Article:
It would take too much time to list all the Maddow segments blown up by the Horowitz revelations, but a shortlist would include this one in which Rachel described the memo by Republican congressman Devin Nunes correctly detailing the FISA abuse as an “own goal”; one where she cackled about the same correct memo, “That’s it? That’s what all the hype was about?”; this one in which she laughed at those who felt the “dodgy dossier” was “unverified and uncorroborated,” saying that was “less and less true all the time”; one in which she had congressman Jim Himes on to describe the Nunes memo as a “transparent political hit job”; this segment, entitled “More pieces of the Trump Russia dossier check out,” in which she theatrically waved the Steele reports in front of the camera and implored viewers to remember, “The point of this is, THEY COLLUDED!”; and many, many more.

The latter segment was particularly appalling because Rachel quoted the dossier at length, as she repeated Steele’s claim that a certain Russian diplomat had been recalled to Russia because of “potential exposure in US presidential election operation/s.” In other words, she called a person a super-spy on national TV, showing his name and face, based on what we now know to be a slapstick collection of fabricated/unverifiable bull. If you’ve got no concern for your own reputation, you should at least be nervous about destroying the reputations of others, but nah:

Rachel was all in on Steele, all in on kompromat, all in on pee, and didn’t hesitate, as Aaron Mate noted after the Horowitz report, to suggest the president of the United States might withdraw troops from an area near Russia because he was being blackmailed:

Since 2019, it’s only gotten worse. Remembering of course that indictments are not proof, the previous Durham case filed against former Clinton attorney Michael Sussmann put even more dents in the infamous “mysterious server” story alleging secret communication between Trump and Russia’s Alfa Bank. That narrative could have been dead as far back as the Mueller report, which detailed how Alfa co-chief Petr Aven struggled to make contact with the new Trump administration, or when Mueller testified in July of 2019 about the alleged server contacts, “It’s my belief at this point, it’s not true.” It should have been killed off without a doubt when Horowitz announced definitively that the FBI had investigated the matter and determined, as far back as February 2017, that “there were no such links” between Trump and Alfa Bank.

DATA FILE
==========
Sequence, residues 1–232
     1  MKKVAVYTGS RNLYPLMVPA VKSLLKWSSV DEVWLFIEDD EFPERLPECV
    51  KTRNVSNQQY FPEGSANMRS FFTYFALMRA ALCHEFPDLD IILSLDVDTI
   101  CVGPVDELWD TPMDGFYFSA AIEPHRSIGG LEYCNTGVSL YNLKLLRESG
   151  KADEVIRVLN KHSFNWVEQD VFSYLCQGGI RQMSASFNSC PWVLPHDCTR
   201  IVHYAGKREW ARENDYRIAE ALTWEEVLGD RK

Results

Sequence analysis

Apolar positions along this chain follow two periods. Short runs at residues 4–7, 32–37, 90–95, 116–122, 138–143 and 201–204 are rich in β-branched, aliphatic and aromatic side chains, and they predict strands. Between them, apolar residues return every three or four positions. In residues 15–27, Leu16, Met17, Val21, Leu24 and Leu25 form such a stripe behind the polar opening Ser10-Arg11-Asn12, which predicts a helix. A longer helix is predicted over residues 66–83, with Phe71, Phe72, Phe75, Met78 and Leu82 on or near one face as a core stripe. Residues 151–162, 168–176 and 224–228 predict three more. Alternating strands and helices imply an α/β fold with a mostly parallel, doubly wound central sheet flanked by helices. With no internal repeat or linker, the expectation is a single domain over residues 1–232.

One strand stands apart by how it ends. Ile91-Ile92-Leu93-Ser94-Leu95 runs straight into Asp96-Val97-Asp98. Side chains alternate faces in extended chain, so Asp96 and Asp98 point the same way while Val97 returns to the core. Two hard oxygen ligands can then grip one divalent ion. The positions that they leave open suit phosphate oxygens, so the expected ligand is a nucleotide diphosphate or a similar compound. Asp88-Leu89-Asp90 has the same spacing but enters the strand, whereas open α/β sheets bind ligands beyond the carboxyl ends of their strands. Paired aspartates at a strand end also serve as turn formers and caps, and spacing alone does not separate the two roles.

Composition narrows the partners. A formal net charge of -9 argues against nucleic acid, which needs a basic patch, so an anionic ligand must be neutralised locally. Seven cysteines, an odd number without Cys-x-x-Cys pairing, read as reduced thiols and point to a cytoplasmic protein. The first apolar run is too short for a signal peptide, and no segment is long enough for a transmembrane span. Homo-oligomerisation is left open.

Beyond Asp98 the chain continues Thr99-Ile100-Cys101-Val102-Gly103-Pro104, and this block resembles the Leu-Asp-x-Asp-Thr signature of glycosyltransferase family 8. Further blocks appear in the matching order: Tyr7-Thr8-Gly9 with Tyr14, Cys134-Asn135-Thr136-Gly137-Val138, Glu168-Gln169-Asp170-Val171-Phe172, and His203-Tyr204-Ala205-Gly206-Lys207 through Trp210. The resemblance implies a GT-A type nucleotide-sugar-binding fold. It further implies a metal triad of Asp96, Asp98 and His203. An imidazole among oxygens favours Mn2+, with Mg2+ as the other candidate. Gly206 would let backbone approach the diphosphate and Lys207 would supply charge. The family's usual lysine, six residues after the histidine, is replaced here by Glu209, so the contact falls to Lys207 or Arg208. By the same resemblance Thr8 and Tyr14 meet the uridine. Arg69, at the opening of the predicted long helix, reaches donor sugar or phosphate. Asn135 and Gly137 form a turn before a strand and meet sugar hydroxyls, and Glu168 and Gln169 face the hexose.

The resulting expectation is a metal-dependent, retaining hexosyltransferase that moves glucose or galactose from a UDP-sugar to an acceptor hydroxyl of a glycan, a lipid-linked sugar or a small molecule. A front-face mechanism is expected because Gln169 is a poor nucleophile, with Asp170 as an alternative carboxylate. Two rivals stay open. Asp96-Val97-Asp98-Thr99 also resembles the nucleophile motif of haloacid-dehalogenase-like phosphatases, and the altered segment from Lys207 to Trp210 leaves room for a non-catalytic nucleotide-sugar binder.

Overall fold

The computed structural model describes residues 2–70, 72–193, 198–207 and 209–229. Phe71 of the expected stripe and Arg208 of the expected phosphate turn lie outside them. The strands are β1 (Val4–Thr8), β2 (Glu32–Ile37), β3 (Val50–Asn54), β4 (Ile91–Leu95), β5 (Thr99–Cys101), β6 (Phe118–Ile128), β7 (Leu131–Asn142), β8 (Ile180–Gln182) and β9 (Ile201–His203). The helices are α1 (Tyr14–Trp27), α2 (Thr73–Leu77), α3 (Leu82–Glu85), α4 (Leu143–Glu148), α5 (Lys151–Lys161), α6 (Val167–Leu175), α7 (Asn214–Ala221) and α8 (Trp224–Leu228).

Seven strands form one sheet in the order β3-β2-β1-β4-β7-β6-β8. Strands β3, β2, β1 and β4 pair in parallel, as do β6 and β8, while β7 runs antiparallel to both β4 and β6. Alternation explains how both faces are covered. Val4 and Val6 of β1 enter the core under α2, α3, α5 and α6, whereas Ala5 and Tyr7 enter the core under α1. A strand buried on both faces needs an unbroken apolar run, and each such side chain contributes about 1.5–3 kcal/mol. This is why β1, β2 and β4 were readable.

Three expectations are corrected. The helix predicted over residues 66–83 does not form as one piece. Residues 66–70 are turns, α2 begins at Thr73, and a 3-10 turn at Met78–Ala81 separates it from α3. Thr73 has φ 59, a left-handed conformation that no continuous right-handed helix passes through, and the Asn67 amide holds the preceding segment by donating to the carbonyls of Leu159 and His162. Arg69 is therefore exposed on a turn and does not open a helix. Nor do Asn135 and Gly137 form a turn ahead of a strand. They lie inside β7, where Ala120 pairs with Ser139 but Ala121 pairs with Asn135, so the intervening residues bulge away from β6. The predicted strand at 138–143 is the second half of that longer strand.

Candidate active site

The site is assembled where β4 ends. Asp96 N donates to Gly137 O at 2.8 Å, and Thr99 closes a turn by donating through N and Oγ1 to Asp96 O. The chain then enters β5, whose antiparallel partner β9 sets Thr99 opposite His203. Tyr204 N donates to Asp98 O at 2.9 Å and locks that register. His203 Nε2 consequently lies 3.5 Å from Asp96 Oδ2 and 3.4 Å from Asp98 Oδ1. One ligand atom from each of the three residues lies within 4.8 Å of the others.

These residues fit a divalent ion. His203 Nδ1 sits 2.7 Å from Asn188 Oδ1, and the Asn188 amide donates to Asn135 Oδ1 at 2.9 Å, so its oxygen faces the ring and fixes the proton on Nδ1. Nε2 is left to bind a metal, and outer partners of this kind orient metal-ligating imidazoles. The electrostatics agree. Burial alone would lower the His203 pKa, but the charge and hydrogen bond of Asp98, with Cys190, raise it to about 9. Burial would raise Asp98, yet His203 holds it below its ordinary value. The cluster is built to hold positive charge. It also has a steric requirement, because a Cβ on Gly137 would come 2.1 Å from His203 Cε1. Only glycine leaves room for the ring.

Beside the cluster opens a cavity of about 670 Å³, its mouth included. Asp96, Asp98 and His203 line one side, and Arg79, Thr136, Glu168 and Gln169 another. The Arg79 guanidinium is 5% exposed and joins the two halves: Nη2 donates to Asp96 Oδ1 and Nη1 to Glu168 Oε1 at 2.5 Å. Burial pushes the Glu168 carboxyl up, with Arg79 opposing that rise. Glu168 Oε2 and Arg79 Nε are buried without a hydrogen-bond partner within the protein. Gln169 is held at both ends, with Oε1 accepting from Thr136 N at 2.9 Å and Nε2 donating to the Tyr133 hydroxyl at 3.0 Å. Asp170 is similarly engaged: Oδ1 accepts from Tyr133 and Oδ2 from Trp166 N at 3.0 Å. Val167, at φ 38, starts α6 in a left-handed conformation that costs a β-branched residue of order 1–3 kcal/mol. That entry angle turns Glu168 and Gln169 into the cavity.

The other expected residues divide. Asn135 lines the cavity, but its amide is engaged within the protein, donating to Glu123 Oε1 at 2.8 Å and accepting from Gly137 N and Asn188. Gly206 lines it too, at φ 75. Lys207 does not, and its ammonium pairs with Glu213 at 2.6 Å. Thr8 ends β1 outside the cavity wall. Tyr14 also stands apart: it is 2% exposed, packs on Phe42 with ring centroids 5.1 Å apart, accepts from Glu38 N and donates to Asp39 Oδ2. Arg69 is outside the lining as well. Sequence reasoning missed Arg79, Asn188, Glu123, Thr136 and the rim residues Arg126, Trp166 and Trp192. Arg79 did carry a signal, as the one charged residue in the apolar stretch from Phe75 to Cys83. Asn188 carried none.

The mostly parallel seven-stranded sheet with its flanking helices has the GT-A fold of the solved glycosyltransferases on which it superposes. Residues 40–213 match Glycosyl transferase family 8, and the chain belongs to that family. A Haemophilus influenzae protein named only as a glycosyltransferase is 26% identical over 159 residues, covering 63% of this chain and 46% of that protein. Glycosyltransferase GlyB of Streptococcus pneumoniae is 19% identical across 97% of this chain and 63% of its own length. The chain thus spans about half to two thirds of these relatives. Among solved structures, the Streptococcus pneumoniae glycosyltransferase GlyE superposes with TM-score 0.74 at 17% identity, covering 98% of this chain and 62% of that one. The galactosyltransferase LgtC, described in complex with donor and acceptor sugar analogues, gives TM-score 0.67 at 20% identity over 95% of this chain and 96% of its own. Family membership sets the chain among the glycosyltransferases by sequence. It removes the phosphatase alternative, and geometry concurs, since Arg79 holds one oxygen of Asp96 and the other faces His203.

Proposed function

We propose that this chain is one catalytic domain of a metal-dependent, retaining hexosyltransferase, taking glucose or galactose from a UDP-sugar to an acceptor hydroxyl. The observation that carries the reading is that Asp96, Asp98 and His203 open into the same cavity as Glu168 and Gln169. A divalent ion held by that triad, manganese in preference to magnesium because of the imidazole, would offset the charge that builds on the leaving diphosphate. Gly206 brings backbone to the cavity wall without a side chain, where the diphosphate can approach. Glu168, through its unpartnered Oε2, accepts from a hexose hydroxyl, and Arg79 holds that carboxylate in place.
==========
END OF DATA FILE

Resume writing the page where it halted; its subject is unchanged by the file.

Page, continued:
The indictment of Sussmann shot that tale through with even more holes, detailing at length the genesis of the Alfa story. At minimum, Durham appeared to show it originated with the Clinton campaign, with Hillary Clinton herself tweeting, as if she had nothing to do with it, that “Computer scientists have apparently uncovered a covert server linking the Trump Organization to a Russian-based bank.” That same announcement showed current National Security Adviser Jake Sullivan lying outright, saying the story had been “discovered by journalists,” when it had been generated by Sussman’s researchers.

Any reporter with designs on retaining credibility at this point would at least leave off covering the story more. Not Rachel. She already looked bad enough thanks to her past comments congratulating Franklin Foer and Dexter Filkins, the reporters who “broke” the Alfa story by non-examining the box of claims their sources feared wouldn’t “fly public scrutiny,” saying to them, “We are blessed as a country to have journalists as talented as you.”

If I’d been conned into saying something that embarrassing on air, I’d want to go on a tri-state rampage, but Rachel is still selling the Alfa tale on MSNBC. Just six days ago, in fact, Maddow doubled and tripled down on this insane garbage, in a segment entitled, “In new letter, tech expert’s lawyer insists Alfa-Bank, Trump server data is no hoax.” Now, after the Danchenko filing, she’s got the network standing behind a document that doesn’t just feature errors like mention of a nonexistent Miami consulate, or a trip by Trump lawyer Michael Cohen to Prague that never happened, but contains known, provable fabrications.

Audiences forgive reporters who make errors and own up to them, but MSNBC and Maddow long ago leaped over the “honest mistake” threshold. Being skeptical of Durham is one thing, but there’s no innocent explanation left for continuing to sell the Steele dossier. This behavior was deranged enough when it was profitable. What possible excuse is left for it now?